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Your complete guide to Lundy Island holiday cottages

Your complete guide to Lundy Island

The island of Lundy, which is 400ft at its highest point, is the largest in the Bristol Channel and quite possibly the most unique. In Norse, 'Lundy' means 'Puffin Island' and a lack of roads, cars and pollution make it a fantastic place to escape from the bustle of everyday life and enjoy the natural pleasures of being outside. Enjoying a mild climate and with plenty to see and do, Lundy is a must-visit destination when staying in Devon.

A little bit of history

The island’s name is derived from one of its once abundant species of bird – the puffin. It has been inhabited for an estimated 3,000 years and has a rich and colourful history: first home to the De Marisco family, then a base for marauders, and next a haven to the lighthouse keepers - at which time the island’s population was just 10 people. It passed hands many times, having been won in a card game as well as being bought in cash on a number of occasions. It is now in the care of The Landmark Trust which has the island under lease for the next 60 years.

We could go into great detail on the history of Lundy, but we thought you would be most interested in these few fascinating facts:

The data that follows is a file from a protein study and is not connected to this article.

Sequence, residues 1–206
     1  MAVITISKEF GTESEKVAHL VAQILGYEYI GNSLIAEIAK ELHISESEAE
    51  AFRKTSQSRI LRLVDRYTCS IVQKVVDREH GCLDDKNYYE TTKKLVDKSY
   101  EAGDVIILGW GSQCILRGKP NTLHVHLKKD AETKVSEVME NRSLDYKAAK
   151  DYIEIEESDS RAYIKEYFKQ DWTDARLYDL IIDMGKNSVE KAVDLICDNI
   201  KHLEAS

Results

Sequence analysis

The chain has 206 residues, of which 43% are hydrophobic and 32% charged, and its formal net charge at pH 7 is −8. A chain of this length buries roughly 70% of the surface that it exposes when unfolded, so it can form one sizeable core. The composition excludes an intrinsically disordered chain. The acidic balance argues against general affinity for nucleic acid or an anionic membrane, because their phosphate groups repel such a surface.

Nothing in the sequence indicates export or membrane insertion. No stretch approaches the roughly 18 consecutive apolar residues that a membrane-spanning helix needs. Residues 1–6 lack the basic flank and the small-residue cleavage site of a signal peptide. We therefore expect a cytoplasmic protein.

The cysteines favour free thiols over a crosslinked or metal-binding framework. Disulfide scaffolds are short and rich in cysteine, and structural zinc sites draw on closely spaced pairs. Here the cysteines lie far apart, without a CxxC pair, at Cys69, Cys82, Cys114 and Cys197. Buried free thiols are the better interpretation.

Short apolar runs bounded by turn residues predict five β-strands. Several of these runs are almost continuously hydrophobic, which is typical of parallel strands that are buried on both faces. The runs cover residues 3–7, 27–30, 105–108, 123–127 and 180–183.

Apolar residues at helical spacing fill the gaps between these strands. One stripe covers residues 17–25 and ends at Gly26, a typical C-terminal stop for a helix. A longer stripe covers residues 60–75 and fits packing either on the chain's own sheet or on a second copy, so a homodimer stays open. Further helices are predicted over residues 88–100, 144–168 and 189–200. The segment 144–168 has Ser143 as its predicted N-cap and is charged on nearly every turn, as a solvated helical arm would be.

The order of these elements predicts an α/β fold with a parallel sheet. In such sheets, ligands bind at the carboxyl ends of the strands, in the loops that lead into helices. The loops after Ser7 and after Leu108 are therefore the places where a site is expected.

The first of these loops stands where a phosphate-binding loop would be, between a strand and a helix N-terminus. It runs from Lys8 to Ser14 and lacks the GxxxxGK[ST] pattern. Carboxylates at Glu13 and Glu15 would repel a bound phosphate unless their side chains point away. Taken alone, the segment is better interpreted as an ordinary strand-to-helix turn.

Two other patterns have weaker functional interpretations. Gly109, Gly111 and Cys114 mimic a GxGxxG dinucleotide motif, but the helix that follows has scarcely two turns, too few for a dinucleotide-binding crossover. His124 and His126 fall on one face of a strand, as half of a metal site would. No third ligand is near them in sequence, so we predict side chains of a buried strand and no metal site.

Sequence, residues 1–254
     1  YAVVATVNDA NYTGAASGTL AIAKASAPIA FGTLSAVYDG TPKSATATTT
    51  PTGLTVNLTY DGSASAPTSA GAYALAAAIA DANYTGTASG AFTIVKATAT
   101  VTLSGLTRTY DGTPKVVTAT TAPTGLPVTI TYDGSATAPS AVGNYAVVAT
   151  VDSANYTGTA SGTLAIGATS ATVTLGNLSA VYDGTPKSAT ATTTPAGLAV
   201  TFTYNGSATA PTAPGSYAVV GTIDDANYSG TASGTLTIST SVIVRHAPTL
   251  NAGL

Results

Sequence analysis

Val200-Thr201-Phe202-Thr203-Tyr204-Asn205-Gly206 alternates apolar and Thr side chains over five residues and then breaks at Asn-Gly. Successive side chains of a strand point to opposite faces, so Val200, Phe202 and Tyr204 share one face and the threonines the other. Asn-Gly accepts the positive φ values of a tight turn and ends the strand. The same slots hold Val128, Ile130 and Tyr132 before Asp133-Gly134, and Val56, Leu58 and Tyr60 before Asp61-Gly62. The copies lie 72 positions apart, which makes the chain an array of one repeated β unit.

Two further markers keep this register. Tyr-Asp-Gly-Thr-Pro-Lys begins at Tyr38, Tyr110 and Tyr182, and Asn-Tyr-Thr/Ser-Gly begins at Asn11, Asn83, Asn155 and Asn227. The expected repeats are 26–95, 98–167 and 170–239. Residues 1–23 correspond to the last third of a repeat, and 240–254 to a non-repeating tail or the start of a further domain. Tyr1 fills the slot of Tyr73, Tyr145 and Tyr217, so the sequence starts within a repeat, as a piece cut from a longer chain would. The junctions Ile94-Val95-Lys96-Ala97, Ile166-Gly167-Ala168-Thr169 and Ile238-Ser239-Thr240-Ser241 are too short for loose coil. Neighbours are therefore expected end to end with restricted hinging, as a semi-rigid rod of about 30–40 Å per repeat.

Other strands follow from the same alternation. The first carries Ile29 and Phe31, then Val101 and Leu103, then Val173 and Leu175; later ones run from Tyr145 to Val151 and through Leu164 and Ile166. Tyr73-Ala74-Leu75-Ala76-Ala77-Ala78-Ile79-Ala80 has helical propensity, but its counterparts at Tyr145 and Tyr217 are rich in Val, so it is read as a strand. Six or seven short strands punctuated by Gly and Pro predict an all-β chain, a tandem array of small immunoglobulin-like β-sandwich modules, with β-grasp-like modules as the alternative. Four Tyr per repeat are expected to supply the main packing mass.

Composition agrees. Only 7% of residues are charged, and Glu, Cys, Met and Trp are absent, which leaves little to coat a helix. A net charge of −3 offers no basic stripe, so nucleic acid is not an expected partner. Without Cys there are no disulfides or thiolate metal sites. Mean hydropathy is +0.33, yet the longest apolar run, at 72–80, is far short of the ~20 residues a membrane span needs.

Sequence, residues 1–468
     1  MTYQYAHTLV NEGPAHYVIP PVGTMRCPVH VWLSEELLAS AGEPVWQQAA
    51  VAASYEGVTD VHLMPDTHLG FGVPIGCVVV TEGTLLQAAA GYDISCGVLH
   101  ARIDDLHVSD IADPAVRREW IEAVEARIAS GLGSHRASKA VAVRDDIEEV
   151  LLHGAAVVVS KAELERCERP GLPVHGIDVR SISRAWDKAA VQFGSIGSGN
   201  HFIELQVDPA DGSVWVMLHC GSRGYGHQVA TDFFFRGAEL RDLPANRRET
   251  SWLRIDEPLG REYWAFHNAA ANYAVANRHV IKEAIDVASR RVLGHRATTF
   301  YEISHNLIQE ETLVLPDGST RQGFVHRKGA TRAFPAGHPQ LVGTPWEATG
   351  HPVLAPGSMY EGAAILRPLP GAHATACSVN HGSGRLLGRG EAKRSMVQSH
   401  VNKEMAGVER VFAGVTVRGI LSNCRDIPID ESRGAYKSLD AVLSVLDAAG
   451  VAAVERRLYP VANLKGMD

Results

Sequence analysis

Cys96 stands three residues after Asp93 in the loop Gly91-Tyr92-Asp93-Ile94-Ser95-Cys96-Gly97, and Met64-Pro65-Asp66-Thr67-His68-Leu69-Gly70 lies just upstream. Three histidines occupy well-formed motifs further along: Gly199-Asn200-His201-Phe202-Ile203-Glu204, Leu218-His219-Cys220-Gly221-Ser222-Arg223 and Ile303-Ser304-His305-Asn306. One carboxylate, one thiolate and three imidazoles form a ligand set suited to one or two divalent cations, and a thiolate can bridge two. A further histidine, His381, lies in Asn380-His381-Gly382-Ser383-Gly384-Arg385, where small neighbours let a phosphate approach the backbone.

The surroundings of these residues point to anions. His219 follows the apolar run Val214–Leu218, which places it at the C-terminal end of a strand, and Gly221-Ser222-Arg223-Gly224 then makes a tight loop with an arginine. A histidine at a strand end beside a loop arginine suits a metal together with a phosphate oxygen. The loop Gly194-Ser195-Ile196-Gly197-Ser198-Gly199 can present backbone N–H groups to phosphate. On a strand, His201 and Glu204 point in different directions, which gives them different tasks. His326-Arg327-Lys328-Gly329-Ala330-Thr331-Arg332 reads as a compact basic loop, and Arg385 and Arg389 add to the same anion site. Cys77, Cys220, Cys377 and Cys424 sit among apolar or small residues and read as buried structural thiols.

- The island’s postal service is the oldest still-operating service in the world.

- The current population of the island at the last count was just 28 and includes a warden, an island manager and a farmer.

- The island is 5km long and has an area of 1.72 square miles.

MS Oldenburg

How to get to Lundy

Lundy can be reached by the MS Oldenburg ferry, which carries up to 267 passengers. A summer timetable runs from April through to October, with the vessel leaving from both Ilfracombe and Bideford once per day. It takes around 2 hours to get to the island from the mainland so whilst on your journey, you can enjoy the saloon, bar, buffet, shop and information centre which are all available on board, as well as the panoramic sights of the coast.

During the winter season, you can even travel via helicopter from Hartland Point, which is a particularly special experience providing some incredible aerial views on a clear day. Taking just 7 minutes, it’s by far the quickest route and the whirlybird can seat up to seven passengers.

If you’d prefer to make your own way there either via sea vessel or private plane/helicopter, there are small designated areas for you to dock or land while you enjoy the island, but be aware, these are typically subject to a small landing fee.

We have plenty of fantastic cottages in North Devon that will give you easy access to the ferry crossing so that you can enjoy a day trip.

Lundy facilities

Marisco Tavern is the local pub, offering up a range of simple yet delicious meals from the ever-tempting cheesy chips to homemade burgers, pasties, sandwiches and baguettes, as well as a range of hot and cold beverages. With a lovely walled beer garden, it’s the perfect place to refuel at lunchtime!

Fun fact: It’s the pub that never closes and is the only building that has light 24 hours a day.